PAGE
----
My first visit to Prague was in 2004. I was with my son, Chris, and my sister Mary Helen and we were visiting over Easter. At that time, Prague was just fifteen years past the Velvet Revolution and the city wore its new-found status as a tourist destination lightly. It was all fairy-tale castles and churches, cobblestone streets, and a wonderful astronomical clock that beat Disney to the punch by about 600 years. Prague had a village-like feeling, even in the heart of the Old Town.
John had never visited Prague and I was excited to introduce him to this special and very romantic city. Imagine my disappointment when we hit town on Sunday, the morning of the Prague Marathon. For the entire day, every inch of the Old Town was crammed with runners wrapped up in mylar blankets, proudly sporting their medals, along with blaring music from the Old Town Square. To make matters worse, American fast-food restaurants are now seen all over the Old Town of Prague: KFC, McDonald’s, and so many Starbucks you would think it’s New York.
The Old Town did quiet down substantially by the next morning and, over the week, we found that the good news is that it’s still possible to find that sense of wonder and authenticity in Prague, it just takes a little more effort. One suggestion is to take to the streets early in the morning. Another is to wander the streets and alleys just beyond the Old Town Square, where the city is still beautiful, but the crowds drop substantially.
Our first full day in Prague, we got together with Greg and Joanne, a couple from Vancouver Island we met on our river cruise. Our time in the city overlapped with theirs by one day and we enjoyed seeing them again before their return to Canada.
We went to the Jewish Quarter to tour a number of the buildings open to tourists, including the Pinkas Synagogue, which has inscriptions around the walls of the 78,000 names of Moravian and Bohemian Holocaust victims. Names are arranged by the origin of the victims to make it easier for names of loved ones to be found, and an audio recording plays the names in a continuous loop. Upstairs, artwork is on display created by the children of Terezin, a ghetto and concentration camp. I had seen a video on these children and their art some time ago and it was touching to see the art itself.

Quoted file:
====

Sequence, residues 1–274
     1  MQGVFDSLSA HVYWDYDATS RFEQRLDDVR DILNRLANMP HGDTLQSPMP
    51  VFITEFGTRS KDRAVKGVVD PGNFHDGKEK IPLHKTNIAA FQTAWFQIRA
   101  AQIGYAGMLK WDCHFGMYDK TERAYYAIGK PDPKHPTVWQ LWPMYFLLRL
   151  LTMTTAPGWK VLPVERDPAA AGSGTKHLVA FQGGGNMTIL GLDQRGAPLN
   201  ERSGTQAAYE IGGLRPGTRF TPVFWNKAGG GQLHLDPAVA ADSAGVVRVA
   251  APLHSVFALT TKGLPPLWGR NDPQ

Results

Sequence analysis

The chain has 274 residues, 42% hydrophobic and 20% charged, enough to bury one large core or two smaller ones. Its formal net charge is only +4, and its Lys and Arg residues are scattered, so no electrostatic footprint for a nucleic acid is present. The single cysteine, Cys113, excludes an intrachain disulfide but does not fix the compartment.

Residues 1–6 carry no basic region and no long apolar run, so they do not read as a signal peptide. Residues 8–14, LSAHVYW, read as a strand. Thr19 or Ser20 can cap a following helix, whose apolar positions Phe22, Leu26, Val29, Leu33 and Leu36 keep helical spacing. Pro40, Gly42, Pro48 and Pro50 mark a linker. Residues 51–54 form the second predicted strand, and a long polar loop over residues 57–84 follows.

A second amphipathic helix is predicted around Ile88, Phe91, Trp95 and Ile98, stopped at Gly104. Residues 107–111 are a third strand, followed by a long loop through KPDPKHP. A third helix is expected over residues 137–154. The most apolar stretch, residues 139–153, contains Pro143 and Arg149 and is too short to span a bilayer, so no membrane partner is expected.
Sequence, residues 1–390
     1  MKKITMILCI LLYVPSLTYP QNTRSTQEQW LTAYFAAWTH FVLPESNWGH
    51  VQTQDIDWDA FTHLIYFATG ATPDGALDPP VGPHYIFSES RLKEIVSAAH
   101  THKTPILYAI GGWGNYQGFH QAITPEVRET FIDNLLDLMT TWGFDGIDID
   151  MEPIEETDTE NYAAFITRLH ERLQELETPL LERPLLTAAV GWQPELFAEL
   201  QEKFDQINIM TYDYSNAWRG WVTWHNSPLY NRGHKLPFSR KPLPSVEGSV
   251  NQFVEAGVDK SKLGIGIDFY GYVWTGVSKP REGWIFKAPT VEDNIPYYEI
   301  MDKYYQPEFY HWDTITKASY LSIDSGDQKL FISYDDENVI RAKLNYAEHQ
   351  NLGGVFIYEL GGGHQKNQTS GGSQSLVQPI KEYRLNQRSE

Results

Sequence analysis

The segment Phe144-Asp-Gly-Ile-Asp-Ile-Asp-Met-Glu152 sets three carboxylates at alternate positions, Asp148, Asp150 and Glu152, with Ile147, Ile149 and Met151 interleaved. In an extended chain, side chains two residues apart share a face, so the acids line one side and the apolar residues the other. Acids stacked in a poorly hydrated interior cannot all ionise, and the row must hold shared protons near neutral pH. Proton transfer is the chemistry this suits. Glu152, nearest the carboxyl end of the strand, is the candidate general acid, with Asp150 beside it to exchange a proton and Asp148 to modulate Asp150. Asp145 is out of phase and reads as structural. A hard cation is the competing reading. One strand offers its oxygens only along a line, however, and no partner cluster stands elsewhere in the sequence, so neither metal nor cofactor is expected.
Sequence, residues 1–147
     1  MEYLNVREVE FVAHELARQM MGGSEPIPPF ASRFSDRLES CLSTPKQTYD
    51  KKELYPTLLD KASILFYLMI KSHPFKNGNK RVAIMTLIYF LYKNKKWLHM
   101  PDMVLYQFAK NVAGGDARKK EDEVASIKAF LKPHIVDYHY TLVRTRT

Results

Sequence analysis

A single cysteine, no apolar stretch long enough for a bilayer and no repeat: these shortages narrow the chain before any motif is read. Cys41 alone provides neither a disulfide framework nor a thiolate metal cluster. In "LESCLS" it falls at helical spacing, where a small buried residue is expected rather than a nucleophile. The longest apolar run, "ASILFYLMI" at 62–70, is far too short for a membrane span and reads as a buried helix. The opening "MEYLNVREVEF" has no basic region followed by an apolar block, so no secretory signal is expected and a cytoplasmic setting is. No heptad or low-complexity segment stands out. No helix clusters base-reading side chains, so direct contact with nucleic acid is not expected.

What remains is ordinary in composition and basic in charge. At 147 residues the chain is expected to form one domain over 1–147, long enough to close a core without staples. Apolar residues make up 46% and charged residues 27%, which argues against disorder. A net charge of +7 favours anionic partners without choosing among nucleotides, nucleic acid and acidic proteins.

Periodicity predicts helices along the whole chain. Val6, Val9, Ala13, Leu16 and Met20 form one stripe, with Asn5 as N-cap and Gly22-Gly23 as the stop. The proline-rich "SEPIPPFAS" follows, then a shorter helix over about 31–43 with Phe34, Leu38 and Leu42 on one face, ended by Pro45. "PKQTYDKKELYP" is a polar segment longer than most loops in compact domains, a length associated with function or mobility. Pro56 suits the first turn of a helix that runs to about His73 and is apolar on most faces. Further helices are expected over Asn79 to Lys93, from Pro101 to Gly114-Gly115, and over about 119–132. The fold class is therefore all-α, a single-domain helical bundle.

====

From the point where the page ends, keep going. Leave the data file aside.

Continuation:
Other exhibits in additional buildings, mostly old synagogues made into museums, featured displays of Jewish life, including customs surrounding birth, marriage, death, education, and medical care.
We visited the Maisel Synagogue, now a museum which traces one thousand years of history of Jewish history in Moravia and Bohemia. Most of us are aware that it was common practice in Europe over the centuries to confine Jews to ghettos and to forbid ownership of land. The exhibit in the Maisel Synagogue deepened our knowledge of what the Jews experienced. A series of stations traces a history of the actions of rulers through the ages. Although Jews were protected for their ability to contribute financially to the empire through taxes, they were at various times, expelled from the region, relocated to various places in the countryside, or restricted to city ghettos. There were also restrictive laws placed on Jews including “The Familiant Act” in which only the eldest son in a Jewish family was permitted to marry, taxed with the humiliating “personal toll” tax, and required to wear a “compulsory badge of shame” such as a yellow armband or circle sewn to the clothing. Given this, it’s easy to see why the Nazis had such an easy time making Jews comply with their demands and why the general population did not object. Literally, for centuries, Jews had lived with restrictions, humiliation, and exploitation – the Nazi regime must have looked like more of the same.